Senate Votes Down 'Skinny Repeal' Bill; ACA Repeal Effort Ends for Now
- The U.S. Senate voted to reject the Health Care Freedom Act by a vote of 49-51.
- Nicknamed the “skinny repeal” bill, the Republicans’ bare-bones legislation amended the American Health Care Act, which was passed by the House of Representatives in May.
- The Affordable Care Act and all of its provisions remain the law of the land.
On early Friday morning, July 28, the U.S. Senate voted 49-51 to reject the Health Care Freedom Act (HCFA), which is commonly referred to as the “skinny repeal” bill. This legislation amended the American Health Care Act (AHCA), the bill that was passed in May by the U.S. House of Representatives to repeal and replace the Affordable Care Act (ACA). Three Republican Senators joined all the Democrats in voting against the legislation.
With the HCFA, Republican leadership drafted a non-controversial, bare-bones bill in the hopes of garnering enough support from both conservatives and moderates to pass the Senate, and then be negotiated jointly by the Senate and House in Conference into more substantial legislation. However, the bill did not pass.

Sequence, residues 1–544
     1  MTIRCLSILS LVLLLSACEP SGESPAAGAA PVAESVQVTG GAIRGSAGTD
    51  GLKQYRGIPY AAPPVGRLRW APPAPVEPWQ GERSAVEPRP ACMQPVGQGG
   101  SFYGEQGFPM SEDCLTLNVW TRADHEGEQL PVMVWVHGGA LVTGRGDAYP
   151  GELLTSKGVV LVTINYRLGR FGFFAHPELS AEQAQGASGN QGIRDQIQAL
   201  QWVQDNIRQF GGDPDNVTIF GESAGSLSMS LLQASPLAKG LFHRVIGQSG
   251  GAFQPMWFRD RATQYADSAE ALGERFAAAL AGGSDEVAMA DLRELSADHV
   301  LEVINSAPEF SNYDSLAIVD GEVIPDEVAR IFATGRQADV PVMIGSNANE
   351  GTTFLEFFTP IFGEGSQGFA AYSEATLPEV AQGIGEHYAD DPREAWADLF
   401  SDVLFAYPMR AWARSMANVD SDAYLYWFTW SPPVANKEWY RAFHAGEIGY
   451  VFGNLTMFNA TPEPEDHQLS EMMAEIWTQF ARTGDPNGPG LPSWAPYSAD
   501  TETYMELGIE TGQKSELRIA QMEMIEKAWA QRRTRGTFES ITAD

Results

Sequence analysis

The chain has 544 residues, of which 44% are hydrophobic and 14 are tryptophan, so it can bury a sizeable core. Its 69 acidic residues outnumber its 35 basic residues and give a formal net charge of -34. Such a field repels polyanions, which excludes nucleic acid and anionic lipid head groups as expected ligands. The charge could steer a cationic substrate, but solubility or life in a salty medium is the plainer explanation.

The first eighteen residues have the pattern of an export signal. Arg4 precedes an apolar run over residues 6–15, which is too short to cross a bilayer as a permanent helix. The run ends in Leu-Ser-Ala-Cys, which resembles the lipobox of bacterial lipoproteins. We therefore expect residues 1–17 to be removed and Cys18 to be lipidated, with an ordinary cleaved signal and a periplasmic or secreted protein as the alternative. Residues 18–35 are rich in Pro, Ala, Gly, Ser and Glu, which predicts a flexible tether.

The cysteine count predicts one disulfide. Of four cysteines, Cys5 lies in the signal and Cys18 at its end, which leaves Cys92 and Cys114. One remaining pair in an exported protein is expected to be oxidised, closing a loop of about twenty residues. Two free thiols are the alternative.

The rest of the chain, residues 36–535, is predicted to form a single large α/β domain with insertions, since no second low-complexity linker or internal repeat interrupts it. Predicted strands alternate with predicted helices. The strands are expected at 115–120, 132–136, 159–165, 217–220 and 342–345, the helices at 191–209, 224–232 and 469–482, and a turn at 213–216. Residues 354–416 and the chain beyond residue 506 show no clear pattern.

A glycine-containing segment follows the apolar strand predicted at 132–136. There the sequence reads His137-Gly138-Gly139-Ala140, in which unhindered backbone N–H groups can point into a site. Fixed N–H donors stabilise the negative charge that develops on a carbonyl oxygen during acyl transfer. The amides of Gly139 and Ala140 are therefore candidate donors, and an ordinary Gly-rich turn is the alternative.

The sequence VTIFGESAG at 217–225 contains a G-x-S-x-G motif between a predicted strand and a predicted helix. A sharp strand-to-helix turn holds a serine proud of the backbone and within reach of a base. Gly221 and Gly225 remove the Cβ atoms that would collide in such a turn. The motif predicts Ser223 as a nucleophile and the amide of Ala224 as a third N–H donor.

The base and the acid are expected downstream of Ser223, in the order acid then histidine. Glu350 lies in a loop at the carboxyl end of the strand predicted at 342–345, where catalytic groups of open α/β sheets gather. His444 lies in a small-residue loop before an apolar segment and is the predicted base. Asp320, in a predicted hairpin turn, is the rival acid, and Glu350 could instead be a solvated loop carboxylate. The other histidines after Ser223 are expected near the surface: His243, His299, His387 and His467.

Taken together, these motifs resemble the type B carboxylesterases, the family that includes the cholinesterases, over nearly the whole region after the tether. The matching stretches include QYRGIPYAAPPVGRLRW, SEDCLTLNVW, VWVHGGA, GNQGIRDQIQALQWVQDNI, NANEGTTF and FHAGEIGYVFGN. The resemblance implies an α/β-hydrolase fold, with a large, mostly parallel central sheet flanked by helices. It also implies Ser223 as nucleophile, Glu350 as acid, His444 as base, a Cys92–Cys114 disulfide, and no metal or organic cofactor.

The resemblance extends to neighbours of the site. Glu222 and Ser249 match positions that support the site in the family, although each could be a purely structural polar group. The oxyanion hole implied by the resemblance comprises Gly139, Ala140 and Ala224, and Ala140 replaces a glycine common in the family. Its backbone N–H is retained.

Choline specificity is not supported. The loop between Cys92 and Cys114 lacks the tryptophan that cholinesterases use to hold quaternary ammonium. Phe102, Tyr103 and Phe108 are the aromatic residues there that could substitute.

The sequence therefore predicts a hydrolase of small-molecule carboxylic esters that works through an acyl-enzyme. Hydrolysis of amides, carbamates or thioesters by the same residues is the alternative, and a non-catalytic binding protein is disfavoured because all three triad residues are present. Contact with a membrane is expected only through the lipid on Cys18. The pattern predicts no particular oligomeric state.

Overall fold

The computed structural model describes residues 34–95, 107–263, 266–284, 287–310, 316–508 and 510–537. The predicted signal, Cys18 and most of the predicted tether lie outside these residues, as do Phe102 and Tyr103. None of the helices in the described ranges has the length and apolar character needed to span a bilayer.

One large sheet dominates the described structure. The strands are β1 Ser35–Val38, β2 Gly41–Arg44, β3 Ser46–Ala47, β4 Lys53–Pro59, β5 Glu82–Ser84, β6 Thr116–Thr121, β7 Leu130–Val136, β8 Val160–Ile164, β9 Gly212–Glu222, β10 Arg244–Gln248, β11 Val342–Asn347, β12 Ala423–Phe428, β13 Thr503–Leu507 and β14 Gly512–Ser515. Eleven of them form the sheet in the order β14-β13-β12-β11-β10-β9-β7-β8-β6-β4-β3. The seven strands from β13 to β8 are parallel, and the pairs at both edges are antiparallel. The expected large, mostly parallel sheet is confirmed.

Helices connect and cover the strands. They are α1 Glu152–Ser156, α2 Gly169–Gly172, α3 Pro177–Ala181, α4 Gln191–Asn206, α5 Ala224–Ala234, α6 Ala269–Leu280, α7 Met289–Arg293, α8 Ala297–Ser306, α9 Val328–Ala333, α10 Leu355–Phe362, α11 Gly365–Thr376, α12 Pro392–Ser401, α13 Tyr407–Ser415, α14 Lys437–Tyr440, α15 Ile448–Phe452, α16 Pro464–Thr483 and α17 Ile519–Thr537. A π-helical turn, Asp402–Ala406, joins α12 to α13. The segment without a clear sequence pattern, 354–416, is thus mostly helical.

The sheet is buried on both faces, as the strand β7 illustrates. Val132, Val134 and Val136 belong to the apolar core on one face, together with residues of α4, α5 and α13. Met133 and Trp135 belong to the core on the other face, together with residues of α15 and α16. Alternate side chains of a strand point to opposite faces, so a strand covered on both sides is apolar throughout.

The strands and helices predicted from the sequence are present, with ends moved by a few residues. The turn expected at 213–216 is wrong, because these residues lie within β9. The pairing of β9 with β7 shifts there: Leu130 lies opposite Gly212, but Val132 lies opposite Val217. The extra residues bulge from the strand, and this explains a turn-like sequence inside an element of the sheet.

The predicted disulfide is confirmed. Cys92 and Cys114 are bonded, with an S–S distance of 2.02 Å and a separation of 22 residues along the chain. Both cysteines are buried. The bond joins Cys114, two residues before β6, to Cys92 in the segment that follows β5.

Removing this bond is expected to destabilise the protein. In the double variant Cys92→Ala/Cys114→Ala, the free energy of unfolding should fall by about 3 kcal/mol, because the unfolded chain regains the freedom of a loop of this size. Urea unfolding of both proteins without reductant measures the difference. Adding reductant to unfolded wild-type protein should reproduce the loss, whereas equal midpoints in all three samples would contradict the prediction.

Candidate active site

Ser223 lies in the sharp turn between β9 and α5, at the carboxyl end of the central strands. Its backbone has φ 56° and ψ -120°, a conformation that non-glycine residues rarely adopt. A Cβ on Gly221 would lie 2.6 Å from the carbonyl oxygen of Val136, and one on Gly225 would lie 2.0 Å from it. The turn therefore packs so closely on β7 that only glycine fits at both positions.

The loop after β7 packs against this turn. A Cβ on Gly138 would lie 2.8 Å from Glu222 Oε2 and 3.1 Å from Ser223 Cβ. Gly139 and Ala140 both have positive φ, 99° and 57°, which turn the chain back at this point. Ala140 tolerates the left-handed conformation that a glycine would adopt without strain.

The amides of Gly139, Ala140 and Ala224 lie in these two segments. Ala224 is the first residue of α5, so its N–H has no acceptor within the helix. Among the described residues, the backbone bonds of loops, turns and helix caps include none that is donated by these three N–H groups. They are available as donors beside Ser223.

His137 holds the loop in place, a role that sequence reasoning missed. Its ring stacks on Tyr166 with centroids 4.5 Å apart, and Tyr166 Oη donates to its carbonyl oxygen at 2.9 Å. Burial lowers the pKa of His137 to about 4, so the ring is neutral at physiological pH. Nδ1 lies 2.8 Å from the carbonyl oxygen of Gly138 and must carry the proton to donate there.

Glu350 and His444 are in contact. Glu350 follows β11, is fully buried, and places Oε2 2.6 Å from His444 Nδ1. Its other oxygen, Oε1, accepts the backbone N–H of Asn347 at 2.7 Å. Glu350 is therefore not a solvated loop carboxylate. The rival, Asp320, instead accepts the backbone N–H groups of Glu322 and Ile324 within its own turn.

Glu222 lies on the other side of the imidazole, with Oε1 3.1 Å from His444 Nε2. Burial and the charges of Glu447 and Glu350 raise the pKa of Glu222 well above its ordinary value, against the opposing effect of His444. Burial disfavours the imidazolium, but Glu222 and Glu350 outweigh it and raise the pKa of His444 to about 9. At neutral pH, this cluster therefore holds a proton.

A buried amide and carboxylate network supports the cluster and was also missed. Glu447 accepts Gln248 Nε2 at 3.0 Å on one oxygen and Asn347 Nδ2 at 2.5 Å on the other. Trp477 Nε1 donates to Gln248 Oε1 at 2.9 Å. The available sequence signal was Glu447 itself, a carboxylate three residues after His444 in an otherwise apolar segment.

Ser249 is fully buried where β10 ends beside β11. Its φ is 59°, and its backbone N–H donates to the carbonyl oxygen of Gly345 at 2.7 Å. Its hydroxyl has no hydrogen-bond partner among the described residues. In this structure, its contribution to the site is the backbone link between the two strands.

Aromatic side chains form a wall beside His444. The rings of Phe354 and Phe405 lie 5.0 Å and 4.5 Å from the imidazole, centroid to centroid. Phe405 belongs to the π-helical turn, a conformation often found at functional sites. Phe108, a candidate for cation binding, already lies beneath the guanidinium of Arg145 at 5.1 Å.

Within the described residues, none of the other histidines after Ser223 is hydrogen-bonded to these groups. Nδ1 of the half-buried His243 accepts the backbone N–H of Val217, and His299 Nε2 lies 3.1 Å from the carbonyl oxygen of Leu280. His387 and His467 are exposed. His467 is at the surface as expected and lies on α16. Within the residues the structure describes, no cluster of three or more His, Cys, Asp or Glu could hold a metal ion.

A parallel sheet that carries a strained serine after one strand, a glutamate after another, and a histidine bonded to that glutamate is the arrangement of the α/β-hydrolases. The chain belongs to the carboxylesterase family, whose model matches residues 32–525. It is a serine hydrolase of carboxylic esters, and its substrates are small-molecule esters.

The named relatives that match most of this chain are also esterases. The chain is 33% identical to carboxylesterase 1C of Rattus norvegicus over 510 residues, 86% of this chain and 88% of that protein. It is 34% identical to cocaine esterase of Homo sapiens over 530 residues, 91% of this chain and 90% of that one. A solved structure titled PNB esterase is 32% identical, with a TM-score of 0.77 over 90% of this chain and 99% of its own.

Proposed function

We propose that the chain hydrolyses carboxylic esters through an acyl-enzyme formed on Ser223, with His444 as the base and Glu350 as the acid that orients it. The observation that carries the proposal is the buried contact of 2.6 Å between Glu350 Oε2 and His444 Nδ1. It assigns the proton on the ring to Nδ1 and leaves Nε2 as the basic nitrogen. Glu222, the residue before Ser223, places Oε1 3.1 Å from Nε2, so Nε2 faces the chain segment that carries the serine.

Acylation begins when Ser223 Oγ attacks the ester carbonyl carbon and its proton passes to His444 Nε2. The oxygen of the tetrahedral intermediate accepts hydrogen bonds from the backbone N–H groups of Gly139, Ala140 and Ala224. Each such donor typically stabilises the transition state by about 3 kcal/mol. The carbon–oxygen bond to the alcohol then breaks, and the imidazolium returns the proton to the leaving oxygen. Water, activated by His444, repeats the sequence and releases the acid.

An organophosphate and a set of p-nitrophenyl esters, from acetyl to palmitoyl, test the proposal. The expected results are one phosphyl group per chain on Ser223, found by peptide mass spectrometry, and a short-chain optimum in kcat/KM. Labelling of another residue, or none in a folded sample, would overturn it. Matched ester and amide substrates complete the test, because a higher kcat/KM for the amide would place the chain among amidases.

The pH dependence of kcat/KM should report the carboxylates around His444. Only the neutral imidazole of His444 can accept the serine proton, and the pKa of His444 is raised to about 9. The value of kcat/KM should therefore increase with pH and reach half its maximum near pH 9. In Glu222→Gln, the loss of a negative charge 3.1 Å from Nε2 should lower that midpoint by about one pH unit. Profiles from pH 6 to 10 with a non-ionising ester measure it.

Republicans’ repeal and replace efforts appear not to have a path forward. Republican leadership has indicated at this time that they are moving on to other business. The ACA and all its provisions remain intact, and continues to be the law of the land.
Employers should ensure that they are prepared to meet the requirements under the ACA, including the employer shared responsibility provisions.
What is next?
Republican leadership has indicated that they will move on to other priorities at this time. There is still recognition that there is work to be done on the ACA.
Some Republican senators are calling for work across the aisle with Democrats and to follow general legislative procedures such as holding bipartisan hearings, putting legislation through appropriate committees, and engaging stakeholders in the discussion to help repair portions of the law to improve market stability. This regular order generally means less volatile change to current law and more incremental alterations.
Aside from legislative action, the President can take steps to change the trajectory of current law. Keep in mind that making changes through the regulatory process can be lengthy and complex. Any changes to current regulations are limited by the confines of the statute.
Paychex will continue to monitor for any changes or movement through Congress, and will keep you updated on any changes in the law.